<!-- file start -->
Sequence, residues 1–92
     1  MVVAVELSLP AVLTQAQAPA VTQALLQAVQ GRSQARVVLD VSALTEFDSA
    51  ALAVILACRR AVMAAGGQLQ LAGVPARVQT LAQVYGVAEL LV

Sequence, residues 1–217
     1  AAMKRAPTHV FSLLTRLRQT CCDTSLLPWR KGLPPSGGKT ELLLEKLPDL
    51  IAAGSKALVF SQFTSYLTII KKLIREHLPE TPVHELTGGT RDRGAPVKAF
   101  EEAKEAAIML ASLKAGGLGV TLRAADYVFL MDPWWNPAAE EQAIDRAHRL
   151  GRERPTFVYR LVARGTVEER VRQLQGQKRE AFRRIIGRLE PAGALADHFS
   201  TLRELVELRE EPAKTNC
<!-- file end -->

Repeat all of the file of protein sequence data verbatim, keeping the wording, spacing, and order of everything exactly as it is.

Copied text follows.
Sequence, residues 1–92
     1  MVVAVELSLP AVLTQAQAPA VTQALLQAVQ GRSQARVVLD VSALTEFDSA
    51  ALAVILACRR AVMAAGGQLQ LAGVPARVQT LAQVYGVAEL LV

Sequence, residues 1–217
     1  AAMKRAPTHV FSLLTRLRQT CCDTSLLPWR KGLPPSGGKT ELLLEKLPDL
    51  IAAGSKALVF SQFTSYLTII KKLIREHLPE TPVHELTGGT RDRGAPVKAF
   101  EEAKEAAIML ASLKAGGLGV TLRAADYVFL MDPWWNPAAE EQAIDRAHRL
   151  GRERPTFVYR LVARGTVEER VRQLQGQKRE AFRRIIGRLE PAGALADHFS
   201  TLRELVELRE EPAKTNC